More to Christmas Trees Than Meets The Eye – On the House

More to Christmas Trees Than Meets The Eye

By on December 6, 2015
Choosing a Christmas Tree

Every year we continue to warn you about how important it is to keep the trunk of your Christmas tree immersed in water thus keeping the branches moist and reducing the chance of fire. And before we’re finished today we’ll reiterate several other general safety precautions that may help to make your holiday season safer than ever.

In the mean time there are several important aspects related to the specie of tree that you purchase which can have a great deal to do with its aesthetic value and safety too. So, before you go shopping for this years tree here are a few tips on specie characteristics that may help you decide on the perfect tree for your holiday.

The first thing you absolutely must do is measure. Knowing the height, the width and the depth of the area where you anticipate placing your tree is really is important. Think about it. Forcing a tree against a wall can result in your biggest holiday mess. Most trees produce an abundance of sticky, hard to clean sap. By the way, keep sap drippings foremost in your mind when deciding on how much protection to place on carpets and other adjacent floor coverings.

When it comes to tree shape you may not necessarily need to get a perfectly shaped tree that is beautifully trimmed and “full” all the way round. For example: if you intend to place your tree against a wall you might save money purchasing one with one flat side. It will not only save pruning time and energy, but you’ll probably be able to purchase such a tree for considerably less than a “perfect” one.

Tree Tips:

  • If you’re looking for a tree with a strong scent look for White Fir, Fraser Fir or Balsam Fir. If allergies are a problem you may want to stick with an Eastern White Pine (a specie with a milder aroma).
  • Some trees are known for retaining their needles through the holiday season. The Colorado Blue Spruce, Fraser Fir, Balsam Fir, Eastern White Pine and White Spruce experience very little needle loss.
  • The Norway Spruce is a needle dropper and may have you sweeping or vacuuming almost daily.
  • The Noble Fir and the Scotch Pine are “ones that last” making them popular to say the least.
  • Don’t forget branch strength. Heavier ornaments will work better on a tree with sturdy branches.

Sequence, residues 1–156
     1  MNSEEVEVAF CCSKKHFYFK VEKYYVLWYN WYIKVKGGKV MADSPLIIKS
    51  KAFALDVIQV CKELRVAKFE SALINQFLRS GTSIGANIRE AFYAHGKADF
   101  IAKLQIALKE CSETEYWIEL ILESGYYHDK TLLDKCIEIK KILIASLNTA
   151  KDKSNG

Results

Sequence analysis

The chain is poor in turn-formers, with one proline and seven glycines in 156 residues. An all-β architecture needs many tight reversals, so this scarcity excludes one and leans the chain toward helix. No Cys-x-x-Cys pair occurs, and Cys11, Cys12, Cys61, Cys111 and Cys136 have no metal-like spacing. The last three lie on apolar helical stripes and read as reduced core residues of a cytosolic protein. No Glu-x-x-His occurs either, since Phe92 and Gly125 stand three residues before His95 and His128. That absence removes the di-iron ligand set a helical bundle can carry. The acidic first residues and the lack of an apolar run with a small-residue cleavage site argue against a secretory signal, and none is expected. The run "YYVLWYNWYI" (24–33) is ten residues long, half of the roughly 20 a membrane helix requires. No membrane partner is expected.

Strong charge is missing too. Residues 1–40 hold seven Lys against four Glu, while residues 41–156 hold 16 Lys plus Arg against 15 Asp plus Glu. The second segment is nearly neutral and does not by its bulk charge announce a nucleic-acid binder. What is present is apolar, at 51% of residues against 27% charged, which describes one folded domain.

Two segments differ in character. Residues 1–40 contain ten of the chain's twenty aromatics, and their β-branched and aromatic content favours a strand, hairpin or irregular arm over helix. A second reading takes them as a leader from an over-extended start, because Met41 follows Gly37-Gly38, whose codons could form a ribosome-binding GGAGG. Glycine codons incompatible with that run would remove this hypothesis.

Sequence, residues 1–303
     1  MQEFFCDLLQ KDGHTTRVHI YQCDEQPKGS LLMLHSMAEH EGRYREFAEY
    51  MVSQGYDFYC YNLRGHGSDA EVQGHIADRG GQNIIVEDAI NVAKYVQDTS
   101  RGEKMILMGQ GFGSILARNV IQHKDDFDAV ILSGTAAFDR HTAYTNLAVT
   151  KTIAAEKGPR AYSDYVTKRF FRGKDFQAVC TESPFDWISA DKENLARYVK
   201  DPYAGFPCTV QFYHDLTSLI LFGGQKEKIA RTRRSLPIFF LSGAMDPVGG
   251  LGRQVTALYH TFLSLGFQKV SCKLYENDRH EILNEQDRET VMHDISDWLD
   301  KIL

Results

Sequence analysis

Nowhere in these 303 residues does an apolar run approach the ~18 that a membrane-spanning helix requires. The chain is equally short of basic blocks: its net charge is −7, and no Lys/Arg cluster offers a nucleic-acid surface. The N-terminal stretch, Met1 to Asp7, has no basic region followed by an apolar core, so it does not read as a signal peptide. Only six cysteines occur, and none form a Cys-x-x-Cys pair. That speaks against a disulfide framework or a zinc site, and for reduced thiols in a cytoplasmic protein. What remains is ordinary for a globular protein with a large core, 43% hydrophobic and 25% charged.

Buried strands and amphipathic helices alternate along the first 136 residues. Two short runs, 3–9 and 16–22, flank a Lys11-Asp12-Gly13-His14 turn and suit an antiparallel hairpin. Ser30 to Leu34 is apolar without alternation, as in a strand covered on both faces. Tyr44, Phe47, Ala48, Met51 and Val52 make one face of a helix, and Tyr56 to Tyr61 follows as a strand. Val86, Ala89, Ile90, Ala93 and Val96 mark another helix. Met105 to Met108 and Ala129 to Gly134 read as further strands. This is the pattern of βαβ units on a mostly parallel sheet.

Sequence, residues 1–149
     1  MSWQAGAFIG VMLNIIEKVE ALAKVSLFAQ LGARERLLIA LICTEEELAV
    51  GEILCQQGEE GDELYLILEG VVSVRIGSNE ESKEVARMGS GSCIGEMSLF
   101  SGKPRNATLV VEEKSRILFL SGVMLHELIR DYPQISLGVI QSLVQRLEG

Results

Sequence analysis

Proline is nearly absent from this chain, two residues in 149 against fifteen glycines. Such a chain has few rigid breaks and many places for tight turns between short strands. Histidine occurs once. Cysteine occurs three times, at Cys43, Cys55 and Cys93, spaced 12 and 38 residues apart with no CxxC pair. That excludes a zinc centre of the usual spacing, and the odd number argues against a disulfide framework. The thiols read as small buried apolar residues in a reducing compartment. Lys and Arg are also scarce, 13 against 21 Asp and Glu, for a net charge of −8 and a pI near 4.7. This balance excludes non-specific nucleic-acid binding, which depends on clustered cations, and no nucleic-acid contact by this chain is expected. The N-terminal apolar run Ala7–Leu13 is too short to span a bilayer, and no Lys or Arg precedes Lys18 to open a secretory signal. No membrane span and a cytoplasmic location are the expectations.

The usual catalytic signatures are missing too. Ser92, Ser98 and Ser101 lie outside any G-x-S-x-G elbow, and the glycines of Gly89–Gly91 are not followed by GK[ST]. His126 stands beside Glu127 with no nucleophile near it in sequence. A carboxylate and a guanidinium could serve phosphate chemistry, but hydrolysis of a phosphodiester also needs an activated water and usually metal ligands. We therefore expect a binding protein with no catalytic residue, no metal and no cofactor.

• Trees with sharp needles should be avoided if you have small children or pets. Ouch!

“A dry tree is nothing short of a mini forest fire looking for a place to ignite.”

You probably will want your tree to last about 4- to 6-weeks, so it pays to test your prospective purchase for freshness. First give it the bounce test. Holding the tree about 2-feet above the ground and in a vertical position let it drop on the base of its trunk. If it doesn’t loose a substantial amount of needles chances are it is reasonably fresh. By the way, some needle loss is normal. Excessive loss is not.  If the tree is too large to pick up then give it the shake test instead. Simply stand it on its trunk and shake it vigorously. No matter how much you liked the tree in the beginning don’t take it home if it drops a big bunch of needles. A dry tree is nothing short of a mini forest fire looking for a place to ignite. We told you that there was more to a Christmas three than what typically “meets the eye”.

We also promised we’d share a couple of good old standby safety tips. Let it not be said that we don’t keep our word. As we mentioned a moment ago freshness at time of purchase is everything. And keeping the tree fresh once you get it home is equally important. To accomplish this your tree must be allowed to drink plenty of water during its stay with you. Here’s how to insure that it can. Be sure that your tree stand will hold at least a gallon of water. Just before placing the tree in the stand use a saw to slice about one-inch off the bottom of the trunk. It is imperative that a fresh section of trunk be placed in the water — immediately. Hurry, you will have only moments between the time you “slice” the trunk and the time before it begins to reseal itself. And remember, during its first hours in the stand the tree can initially drink a quart of water in an hour or less and a gallon or more within its first 24 hours. Expect to feed your tree about a quart of water each day – more or less. Be sure not to let the end of the tree become exposed as it will immediately reseal itself and will no longer be able to absorb liquid. And, good luck!

For more home improvement tips and information search our website at  or call our listener hot line 24/7 at 1-800-737-2474! All you need to do is leave your name, telephone number and your question.

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